Michael Russem hopes that his next project, a signed, limited edition of a short story, “Sleep,” by Japanese novelist Haruki Murakami, will be exceptional. “If you do something great before you are thirty,” he said, “it’s special. Lots of people do great things in their thirties.” Then again, he reflected, “A lot of people never do anything great at all.” At twenty-nine years old, Russem doesn’t have much time left to meet his exacting standards, and by most measures, he has already accomplished a great deal as a fine press printer.
His first book, Match in a Bottle, a collection of poems by Tracey Knapp, caused a stir in the fine press book world. The book’s startling originality came from the combination of verses about fire and compelling original “drawings” by Kurt Gohde that were, according to the prospectus, “carried out with a variety of combustible and pyrotechnical media, including matches, cigarette lighters, gun powder, and kerosene lamps.” The edition of fifty copies quickly sold out. Russem was just twenty-two.
He has since completed six other books and many ephemeral pieces. The books are labors of love, and each of them shares the same surprising contradiction: the juxtaposition of classical typography with modern art. From a business standpoint, making his own books hasn’t worked out as well. “I earn a living printing for other publishers,” he said, “and I lose all my money doing my own books.” Even Match in a Bottle wasn’t a financial success. He priced it too low and had just covered his costs when all the copies were sold.
Russem considers himself among the third generation of printers to settle in the Pioneer Valley of Massachusetts. Leonard Baskin, the artist and bookmaker behind the Gehenna Press, set up shop there in the early 1950s and attracted a steady stream of admirers. “They came to see Baskin,” Russem said, “but they met Harold McGrath, his pressman, and ended up learning printing.” Baskin and McGrath died within a few months of each other in 2000. As a team, Baskin’s artistic vision and McGrath’s technical skills earned them legendary status as a model of a successful private press. Fifty years later, the region is still dense with printers, binders, papermakers, and other book artists who were influenced by their work.
Russem got his start in this environment. As an art student at Syracuse University, he found that he was drawn more to the technical aspects of printmaking than to the art itself. “The idea was for me to be a famous artist,” he said, “but I realized that I was a mediocre artist. There are a number of mediocre artists already and I didn’t want to be one of them.” After graduation, he apprenticed for Michael and Winifred Bixler’s type foundry, one of a handful of shops in the country still creating type for letterpress printers. It took three years for him to decide to set up on his own. “I figured if I’m going to make ten dollars per hour, I might as well make it myself.”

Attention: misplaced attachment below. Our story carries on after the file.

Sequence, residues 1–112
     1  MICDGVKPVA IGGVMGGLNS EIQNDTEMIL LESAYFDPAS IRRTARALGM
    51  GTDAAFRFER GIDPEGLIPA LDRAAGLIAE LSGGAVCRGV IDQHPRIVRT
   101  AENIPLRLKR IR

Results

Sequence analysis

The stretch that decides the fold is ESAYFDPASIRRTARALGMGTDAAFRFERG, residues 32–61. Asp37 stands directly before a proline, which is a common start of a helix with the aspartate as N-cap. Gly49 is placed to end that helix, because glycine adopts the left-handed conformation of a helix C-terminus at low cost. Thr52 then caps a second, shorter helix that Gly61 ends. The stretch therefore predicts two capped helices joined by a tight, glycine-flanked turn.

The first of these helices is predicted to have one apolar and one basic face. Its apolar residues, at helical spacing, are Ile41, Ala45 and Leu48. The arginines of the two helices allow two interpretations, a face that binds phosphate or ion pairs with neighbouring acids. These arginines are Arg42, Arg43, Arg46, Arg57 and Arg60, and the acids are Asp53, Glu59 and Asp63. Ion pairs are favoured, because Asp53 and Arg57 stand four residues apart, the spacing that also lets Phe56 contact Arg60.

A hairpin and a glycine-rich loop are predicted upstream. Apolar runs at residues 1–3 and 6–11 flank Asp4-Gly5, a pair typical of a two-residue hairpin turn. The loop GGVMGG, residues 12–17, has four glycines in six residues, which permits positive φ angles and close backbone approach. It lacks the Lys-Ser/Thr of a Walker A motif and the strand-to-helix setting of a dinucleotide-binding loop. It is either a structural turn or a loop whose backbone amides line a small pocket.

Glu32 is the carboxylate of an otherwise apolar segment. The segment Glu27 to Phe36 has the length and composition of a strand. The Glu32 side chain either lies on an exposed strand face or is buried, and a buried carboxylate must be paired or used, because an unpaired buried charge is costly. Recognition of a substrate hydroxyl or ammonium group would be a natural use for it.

He had announced the formation of Kat Ran Press while still in college. “I thought people would take me more seriously if they thought I was married,” he said, “so the announcements went out under the names of Michael and Katherine Russem. Nobody knew that Katherine was a Labrador-husky mix until she swallowed a corn cob and I had to raise money for her veterinary bills.” He printed a limited edition of Katherine’s portraits as a fundraiser, explaining that, “Unfortunately, like so many Americans, Katherine is without any form of health insurance, and her mounting medical expenses far exceeded her annual income.”
Over the years, Russem has found steady work printing and designing books for others, including the Grolier Club, Oak Knoll Press, and a high-end publisher of photography books and prints called 21st. “While half of the work done at Kat Ran Press is for our own books,” he joked, “a much larger half is done for other publishers, designers, galleries, and institutions.”
His own work includes a folio-sized edition of autobiographical poems by Julia Alvarez illustrated with austere lithographs on the book’s theme, trees. His new project with Haruki Murakami continues the blend of art and type, juxtaposing color etchings by artist John Gibson with a tale about insomnia. Russem realizes that many collectors cannot afford fine press books so he established the Kat Ran ephemera club last year. Members, who pay $60 per year, receive three extremely limited editions of whatever happens to hold Russem’s interest at the moment. (“A ‘year,’” Russem warns, “is defined as any period of time in which I get around to printing three pieces.”) Recent examples include Portraits of Queen Wilhelmina of the Netherlands and Great Britain’s King George VI, which contained two mounted postage stamps depicting the European monarchs. Russem chose the stamps because the lettering and calligraphy were created by type designers Jan van Krimpen and Eric Gill. He also reprinted Scott Paradise’s A History of Printing in Andover, Massachusetts, inserting a bound-in leaf from an early Andover book. He annotated the text with footnotes that reluctantly deflate many of the claims the author made about the importance of the town to printing history.
As he approaches the wise old age of thirty, Russem has grown philosophical about his work. “One thing about printing that I’ve been struggling with for the last year,” he said, “is the fact that no one reads the books. That’s the big secret no one talks about. In 2001, I did a book called Overpass, which was a number book—you know, like an alphabet book but using illustrations to depict increasing numbers of things. If there aren’t words, no one will buy it. It becomes an art book, not a press book. People hated Overpass. But kids love it. It’s something they can imagine themselves writing—a book of drawings. If you are over forty, I can guarantee you’ll hate it.”